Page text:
Brundisium


Also found in: Dictionary, Thesaurus.

Brundisium:

see BrindisiBrindisi
, Latin Brundisium, city (1991 pop. 95,383), capital of Brindisi prov., in Apulia, S Italy. A modern port on the Adriatic Sea, it has been noted since ancient times for its traffic with Greece and the E Mediterranean.
..... Click the link for more information.
, Italy.
The Columbia Electronic Encyclopedia™ Copyright © 2013, Columbia University Press. Licensed from Columbia University Press. All rights reserved. www.cc.columbia.edu/cu/cup/
References in periodicals archive ?
According to Appian, Julia took part in the negotiations surrounding the treaty of Brundisium (App.
Nevertheless, in his version, her letter caused him to change his plans and sail with two hundred warships for Brundisium. Appian stresses Fulvia's jealousy of Cleopatra, but he too makes it clear that Fulvia persuaded Antony to return to Italy to face Octavian (5.52).
Diomedes was said to have been the founder of Brundisium, from which port Iullus's mother sailed the last time that he ever saw her.
The journal of the journey of Maecenas, who was sent by Octavian from Rome to Brundisium in 38 BC in order to settle a political issue with Mark Antony, the "Iter Brundisium" has all the qualities of a modern travel narrative.
Eventually, Lepidus, whose position in the alliance was minor, was banished; by the Treaty at Brundisium, Octavian received the West and Antony the East.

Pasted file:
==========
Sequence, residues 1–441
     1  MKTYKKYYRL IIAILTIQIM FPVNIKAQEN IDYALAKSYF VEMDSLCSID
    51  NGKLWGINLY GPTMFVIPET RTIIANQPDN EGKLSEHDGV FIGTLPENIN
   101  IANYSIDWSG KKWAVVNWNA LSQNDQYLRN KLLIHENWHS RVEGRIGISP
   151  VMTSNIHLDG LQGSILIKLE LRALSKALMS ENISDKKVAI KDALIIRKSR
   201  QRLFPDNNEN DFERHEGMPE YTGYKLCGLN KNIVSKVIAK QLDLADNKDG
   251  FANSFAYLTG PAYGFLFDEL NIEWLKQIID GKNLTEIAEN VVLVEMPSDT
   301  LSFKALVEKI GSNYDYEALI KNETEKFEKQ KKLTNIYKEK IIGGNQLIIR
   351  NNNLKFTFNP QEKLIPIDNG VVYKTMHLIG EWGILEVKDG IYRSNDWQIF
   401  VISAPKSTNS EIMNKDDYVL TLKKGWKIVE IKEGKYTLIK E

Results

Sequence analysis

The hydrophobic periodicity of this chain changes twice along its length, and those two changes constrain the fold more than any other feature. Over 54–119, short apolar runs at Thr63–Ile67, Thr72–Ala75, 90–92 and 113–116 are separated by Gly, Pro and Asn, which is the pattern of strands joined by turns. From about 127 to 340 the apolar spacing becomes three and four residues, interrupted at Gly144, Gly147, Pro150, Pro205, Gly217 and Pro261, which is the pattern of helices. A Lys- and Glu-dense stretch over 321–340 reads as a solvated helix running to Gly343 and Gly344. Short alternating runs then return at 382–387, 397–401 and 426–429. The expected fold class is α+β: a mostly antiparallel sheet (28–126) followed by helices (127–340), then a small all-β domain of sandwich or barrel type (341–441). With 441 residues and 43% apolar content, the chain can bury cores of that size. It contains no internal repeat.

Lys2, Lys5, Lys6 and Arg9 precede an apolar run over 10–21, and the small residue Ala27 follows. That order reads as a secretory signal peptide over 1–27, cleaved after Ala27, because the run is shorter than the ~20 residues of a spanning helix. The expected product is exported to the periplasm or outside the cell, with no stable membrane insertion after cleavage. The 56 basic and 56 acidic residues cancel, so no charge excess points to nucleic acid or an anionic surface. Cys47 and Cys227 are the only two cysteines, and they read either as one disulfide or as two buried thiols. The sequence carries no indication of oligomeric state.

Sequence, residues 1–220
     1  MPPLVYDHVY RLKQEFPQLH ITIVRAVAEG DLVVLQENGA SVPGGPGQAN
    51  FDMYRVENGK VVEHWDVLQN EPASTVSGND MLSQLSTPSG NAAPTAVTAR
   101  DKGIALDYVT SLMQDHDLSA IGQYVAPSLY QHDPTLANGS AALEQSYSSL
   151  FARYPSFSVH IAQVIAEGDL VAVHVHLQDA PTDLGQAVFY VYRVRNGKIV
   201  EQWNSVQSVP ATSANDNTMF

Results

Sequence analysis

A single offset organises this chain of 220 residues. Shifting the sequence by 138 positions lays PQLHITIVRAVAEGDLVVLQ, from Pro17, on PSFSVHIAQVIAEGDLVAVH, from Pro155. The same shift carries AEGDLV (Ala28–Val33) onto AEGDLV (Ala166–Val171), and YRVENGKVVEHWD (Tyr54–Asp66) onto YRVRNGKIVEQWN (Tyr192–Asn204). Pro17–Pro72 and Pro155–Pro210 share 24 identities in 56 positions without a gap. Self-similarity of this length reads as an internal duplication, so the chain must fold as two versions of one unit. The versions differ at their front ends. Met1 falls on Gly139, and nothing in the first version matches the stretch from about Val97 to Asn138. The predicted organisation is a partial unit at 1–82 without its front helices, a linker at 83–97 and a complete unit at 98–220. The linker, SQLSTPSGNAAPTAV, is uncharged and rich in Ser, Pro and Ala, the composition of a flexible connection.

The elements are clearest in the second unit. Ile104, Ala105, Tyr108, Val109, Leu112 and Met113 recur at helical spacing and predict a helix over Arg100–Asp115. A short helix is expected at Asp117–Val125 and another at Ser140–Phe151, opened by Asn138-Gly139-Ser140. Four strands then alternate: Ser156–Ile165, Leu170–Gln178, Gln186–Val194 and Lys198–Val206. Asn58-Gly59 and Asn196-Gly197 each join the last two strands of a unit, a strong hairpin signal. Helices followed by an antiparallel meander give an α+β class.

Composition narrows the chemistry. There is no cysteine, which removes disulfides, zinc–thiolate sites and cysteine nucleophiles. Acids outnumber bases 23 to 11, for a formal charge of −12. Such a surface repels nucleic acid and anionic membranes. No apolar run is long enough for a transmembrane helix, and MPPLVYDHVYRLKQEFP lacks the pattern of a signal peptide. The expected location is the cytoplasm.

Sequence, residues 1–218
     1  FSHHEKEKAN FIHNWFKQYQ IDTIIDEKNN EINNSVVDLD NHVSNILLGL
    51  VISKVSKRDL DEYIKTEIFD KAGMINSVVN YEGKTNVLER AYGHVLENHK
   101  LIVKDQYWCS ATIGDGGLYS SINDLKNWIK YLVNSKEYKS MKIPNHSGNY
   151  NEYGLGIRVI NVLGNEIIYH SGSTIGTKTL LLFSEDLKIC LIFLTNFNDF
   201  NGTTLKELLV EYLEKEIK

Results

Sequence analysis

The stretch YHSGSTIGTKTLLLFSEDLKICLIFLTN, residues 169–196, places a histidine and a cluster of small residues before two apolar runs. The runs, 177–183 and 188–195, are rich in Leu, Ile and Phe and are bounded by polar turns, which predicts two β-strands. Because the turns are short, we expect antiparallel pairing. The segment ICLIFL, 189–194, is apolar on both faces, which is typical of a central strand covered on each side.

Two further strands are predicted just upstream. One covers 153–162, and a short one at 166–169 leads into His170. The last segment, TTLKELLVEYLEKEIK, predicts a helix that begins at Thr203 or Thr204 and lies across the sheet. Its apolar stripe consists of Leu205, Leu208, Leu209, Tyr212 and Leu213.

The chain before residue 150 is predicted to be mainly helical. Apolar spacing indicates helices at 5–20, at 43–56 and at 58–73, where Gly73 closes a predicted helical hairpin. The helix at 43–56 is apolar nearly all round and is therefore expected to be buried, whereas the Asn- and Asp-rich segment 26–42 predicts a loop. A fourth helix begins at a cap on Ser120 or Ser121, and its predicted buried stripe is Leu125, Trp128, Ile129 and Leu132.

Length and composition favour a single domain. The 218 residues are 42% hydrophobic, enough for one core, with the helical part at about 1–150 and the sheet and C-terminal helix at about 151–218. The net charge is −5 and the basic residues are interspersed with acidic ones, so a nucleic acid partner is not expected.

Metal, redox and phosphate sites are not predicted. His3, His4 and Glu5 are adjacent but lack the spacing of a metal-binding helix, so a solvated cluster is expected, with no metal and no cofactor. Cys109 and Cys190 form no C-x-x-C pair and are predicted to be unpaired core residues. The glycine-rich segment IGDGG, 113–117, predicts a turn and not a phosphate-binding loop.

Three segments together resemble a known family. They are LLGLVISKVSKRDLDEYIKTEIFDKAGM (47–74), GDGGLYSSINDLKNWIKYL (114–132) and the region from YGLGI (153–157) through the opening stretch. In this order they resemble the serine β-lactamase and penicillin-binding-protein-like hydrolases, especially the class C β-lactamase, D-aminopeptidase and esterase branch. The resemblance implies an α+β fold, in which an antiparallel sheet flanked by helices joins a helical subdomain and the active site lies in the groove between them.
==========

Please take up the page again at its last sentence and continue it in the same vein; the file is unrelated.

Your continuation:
A journal of the embassy of Moecenas, who was sent by Octavian from Rome to Brundisium in 38 BC in order to settle a political issue with Mark Antony, the "Iter Brundisinum" has all the qualities of a modern travel narrative.
In Pliny's time young oysters were even imported from Brundisium to mature in the Lucrine, thereby acquiring a subtle blend of flavours (Plin.
Plutarch's Crassus is similarly the butt of humour from the onset of his Parthian campaign: his age is mocked by Deiotarus as unfit for his campaign when he departs from Brundisium (Crassus, 17.1-2) and his campaign is later mocked by the Parthians, who know better (Crassus, 18.2).
Principal battles: Brundisium (Brindisi) (267); Ecnomus (near Licata), Adys (near Carthage) (256); Tunis (255).
Flavius Fimbria (85); returned to Italy with his army, landing at Brundisium (Brindisi) (83) and joining forces with M.